I focus on the metalingual function – which is the one most closely related to higher cognitive processes – in terms of the BICS-CALP distinction described above:Language can be used to speak about ” things” or it can be used to speak about itself. The latter function of language is called the metalingual function. There are two levels of the metalingual function; the less cognitively demanding level of everyday communication and the more cognitively-demanding level of academic learning and communication. In everyday language use, it often occurs that addressers and addressees have to verify whether communication has taken place. Expressions such as “Did I get you right?” and “Say that again, I can’t make much sense out of it?” are part of normal communication. In such situations, the metalingual function focuses on the code. This metalingual function is extremely important because all processes of language acquisition at any age is dependent on this metalingual function. On the academic level, languages may be learnt in a “cognitive” way, where the focus is on the structure of the language. In the production and understanding of academic/scientific discourse, the focus often falls on grammar, which is not only concerned with keeping the clothes of discourse clean. Du Toit and Orr (1989:199) describe a piece of writing containing grammatical errors as “clothes covered with food stains and dirt, with perhaps a few missing buttons”. Grammar is a much wider notion, in that it is necessary for the effective communication of “potential meaning” (Halliday, 1975). The metalingual function, therefore, especially in writing, plays a crucial role in academic discourse. Jeffery (1990:120), who suggests that we should open the case for grammar wider, describes the metalingual function in academic/scientific discourse:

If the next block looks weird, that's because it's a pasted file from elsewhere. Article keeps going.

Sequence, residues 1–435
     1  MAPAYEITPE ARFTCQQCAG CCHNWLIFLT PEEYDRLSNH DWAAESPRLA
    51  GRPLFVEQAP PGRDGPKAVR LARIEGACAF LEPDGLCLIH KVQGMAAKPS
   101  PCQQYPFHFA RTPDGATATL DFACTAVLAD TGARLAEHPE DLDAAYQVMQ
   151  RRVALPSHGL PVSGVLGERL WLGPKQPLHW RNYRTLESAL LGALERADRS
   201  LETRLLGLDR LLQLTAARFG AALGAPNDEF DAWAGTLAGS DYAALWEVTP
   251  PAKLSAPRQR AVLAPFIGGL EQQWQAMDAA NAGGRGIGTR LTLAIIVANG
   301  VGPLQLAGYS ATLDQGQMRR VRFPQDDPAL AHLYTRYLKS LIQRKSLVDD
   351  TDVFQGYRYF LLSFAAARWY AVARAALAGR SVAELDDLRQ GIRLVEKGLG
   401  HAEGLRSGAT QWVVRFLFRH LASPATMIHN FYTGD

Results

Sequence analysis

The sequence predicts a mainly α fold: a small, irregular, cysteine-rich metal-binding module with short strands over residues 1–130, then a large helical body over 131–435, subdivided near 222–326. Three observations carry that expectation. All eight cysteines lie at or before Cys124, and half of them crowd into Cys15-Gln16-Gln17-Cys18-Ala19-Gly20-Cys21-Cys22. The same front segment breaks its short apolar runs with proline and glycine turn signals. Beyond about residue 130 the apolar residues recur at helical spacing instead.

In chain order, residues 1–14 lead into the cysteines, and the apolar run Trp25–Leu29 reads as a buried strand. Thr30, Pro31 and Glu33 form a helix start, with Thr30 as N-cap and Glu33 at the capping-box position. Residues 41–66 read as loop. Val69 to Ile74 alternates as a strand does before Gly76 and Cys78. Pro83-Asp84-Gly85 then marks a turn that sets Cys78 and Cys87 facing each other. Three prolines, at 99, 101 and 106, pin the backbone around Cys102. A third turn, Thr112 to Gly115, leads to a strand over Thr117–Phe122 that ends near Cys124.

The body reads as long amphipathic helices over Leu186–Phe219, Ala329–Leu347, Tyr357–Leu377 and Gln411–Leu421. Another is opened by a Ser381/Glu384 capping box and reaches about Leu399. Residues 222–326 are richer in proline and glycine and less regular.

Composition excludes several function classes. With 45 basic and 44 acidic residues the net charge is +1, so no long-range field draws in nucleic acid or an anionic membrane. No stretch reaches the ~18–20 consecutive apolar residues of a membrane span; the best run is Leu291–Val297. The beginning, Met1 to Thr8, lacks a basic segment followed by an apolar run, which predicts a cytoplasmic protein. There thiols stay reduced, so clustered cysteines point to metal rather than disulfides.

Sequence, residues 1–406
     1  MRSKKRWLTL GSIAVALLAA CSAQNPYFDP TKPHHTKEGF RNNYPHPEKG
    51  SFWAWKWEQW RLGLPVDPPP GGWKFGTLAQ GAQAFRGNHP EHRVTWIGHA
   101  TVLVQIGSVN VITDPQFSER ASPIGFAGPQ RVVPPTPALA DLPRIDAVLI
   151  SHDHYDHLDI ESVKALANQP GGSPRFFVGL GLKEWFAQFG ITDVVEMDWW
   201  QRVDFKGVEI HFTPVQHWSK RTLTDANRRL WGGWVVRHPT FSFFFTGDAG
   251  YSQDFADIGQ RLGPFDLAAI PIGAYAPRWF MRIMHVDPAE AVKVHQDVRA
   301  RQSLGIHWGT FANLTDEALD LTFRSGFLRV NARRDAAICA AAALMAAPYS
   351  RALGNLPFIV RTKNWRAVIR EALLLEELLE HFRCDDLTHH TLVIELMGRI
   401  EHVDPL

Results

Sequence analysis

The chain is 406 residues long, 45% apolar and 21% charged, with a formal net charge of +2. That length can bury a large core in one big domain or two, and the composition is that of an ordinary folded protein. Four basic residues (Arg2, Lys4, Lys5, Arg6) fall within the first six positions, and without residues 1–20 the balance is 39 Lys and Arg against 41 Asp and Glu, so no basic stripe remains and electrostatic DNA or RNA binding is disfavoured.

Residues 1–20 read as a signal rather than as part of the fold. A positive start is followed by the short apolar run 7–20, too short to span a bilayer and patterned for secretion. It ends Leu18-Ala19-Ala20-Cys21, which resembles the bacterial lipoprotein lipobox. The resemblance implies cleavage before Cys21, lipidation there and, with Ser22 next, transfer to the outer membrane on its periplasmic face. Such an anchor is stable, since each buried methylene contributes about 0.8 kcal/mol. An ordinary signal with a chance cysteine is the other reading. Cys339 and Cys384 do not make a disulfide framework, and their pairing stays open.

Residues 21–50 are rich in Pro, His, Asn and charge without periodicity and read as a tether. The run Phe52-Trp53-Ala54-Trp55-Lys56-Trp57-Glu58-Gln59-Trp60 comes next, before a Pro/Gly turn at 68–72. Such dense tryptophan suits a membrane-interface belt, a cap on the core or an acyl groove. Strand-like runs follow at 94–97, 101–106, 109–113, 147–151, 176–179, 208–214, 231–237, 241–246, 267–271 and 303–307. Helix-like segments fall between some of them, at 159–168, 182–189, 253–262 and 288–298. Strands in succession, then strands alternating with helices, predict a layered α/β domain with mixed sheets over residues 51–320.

[T]he most elementary reading and writing presuppose word and sentence at least; and progress is awkward without noun, verb, number,tense, phrase, clause, and so on. These categories come naturally to nobody, and with difficulty to some, for they are all artificial abstractions from the flow of speech. Nobody speaks in words and sentences; therefore everybody needs to be taught about them…Inchoate thought has to be organised in order to make your meaning clear to your readers (and yourself), and that takes skill in arranging the units of WL [written language] into structures.